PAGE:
Nelson's Literature Readers, Book 2 (Google eBook)

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T. Nelson and Sons, 1905 - 464 pages
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Page 333 - Yet not to thine eternal resting-place Shalt thou retire alone, nor couldst thou wish Couch more magnificent. Thou shalt lie down With patriarchs of the infant world with kings, The powerful of the earth the wise, the good, Fair forms, and hoary seers of ages past, All in one mighty sepulchre.
Page 309 - As a sick girl. Ye gods, it doth amaze me A man of such a feeble temper should So get the start of the majestic world And bear the palm alone.
Page 136 - And I will make thee beds of roses, And a thousand fragrant posies : A cap of flowers, and a kirtle, Embroider"d all with leaves of myrtle.
Page 411 - Cromwell, I did not think to shed a tear In all my miseries ; but thou hast forced me, Out of thy honest truth, to play the woman. Let's dry our eyes : And thus far hear me, Cromwell; And, when I am forgotten, as I shall be, And sleep in dull cold marble...
Page 221 - Haste thee nymph and bring with thee Jest and youthful jollity, Quips and cranks, and wanton wiles, Nods, and becks, and wreathed smiles. Such as hang on Hebe's cheek, And love to live in dimple sleek; Sport that wrinkled care derides. And laughter holding both his sides.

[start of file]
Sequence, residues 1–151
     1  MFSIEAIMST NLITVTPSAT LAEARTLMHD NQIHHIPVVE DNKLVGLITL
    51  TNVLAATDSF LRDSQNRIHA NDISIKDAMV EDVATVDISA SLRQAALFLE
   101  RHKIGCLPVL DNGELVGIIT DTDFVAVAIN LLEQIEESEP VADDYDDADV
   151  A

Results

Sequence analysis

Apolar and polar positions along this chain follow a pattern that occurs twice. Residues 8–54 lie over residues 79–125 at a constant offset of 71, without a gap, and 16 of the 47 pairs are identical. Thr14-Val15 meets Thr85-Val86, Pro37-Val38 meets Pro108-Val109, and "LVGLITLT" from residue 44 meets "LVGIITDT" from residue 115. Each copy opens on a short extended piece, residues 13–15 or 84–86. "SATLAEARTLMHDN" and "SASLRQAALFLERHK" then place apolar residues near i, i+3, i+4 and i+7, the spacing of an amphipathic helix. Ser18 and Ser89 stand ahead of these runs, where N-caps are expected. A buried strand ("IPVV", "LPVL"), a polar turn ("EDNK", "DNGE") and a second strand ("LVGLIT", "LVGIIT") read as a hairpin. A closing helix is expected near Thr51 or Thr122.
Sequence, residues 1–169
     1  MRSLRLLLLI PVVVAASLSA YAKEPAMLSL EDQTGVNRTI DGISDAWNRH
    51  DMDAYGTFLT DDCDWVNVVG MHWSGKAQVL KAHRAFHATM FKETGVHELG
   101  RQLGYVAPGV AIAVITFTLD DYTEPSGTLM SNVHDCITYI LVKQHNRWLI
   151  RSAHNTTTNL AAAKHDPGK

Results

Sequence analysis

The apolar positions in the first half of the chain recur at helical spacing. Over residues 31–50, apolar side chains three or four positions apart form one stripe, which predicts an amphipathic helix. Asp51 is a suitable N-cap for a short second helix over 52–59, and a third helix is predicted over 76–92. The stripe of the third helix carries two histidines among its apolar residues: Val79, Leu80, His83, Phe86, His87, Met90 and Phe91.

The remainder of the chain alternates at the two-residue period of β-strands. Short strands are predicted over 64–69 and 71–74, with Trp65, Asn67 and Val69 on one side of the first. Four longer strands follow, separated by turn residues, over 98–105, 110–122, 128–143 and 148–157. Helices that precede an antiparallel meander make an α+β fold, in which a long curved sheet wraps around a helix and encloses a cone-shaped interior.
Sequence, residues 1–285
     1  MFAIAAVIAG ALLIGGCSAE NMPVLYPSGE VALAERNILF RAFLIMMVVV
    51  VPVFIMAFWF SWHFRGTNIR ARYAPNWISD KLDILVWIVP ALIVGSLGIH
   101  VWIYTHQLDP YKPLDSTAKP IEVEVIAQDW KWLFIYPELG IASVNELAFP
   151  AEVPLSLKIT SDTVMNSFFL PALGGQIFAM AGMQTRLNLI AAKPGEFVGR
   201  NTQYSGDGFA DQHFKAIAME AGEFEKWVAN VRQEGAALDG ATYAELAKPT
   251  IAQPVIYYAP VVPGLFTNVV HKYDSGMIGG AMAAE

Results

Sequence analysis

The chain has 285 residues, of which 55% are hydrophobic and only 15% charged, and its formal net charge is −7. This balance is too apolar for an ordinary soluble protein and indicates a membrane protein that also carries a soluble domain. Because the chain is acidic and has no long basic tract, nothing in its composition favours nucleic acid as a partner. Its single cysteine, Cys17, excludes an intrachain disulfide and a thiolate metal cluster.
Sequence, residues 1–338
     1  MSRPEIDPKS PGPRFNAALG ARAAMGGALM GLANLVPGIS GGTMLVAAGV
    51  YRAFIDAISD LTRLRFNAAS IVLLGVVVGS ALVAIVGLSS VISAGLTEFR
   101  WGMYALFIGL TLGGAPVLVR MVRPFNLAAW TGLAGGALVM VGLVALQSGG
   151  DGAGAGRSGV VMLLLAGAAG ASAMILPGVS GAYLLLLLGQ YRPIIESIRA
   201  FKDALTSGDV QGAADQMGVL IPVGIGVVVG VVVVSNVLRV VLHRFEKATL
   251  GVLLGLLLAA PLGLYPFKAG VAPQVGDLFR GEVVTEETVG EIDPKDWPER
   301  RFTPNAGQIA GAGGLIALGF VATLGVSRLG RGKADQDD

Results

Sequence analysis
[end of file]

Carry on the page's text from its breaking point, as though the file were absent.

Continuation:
Page 296 - For books are not absolutely dead things, but do contain a potency of life in them to be as active as that soul was whose progeny they are; nay they do preserve as in a vial the purest efficacy and extraction of that living intellect that bred them.
Page 123 - Tis some visitor entreating entrance at my chamber door Some late visitor entreating entrance at my chamber door: This it is, and nothing more.
Page 332 - Yet a few days, and thee The all-beholding sun shall see no more In all his course ; nor yet in the cold ground, Where thy pale form was laid, with many tears, Nor in the embrace of ocean, shall exist . Thy image. Earth, that nourished thee, shall claim Thy growth, to be resolved to earth again...
Page 399 - ... no receipt openeth the heart but a true friend, to whom you may impart griefs, joys, fears, hopes, suspicions, counsels, and whatsoever lieth upon the heart to oppress it, in a kind of civil shrift or confession.
Page 409 - I have ventured. Like little wanton boys that swim on bladders. This many summers in a sea of glory ; But far beyond my depth ; my high-blown pride At length broke under me ; and now has left me.

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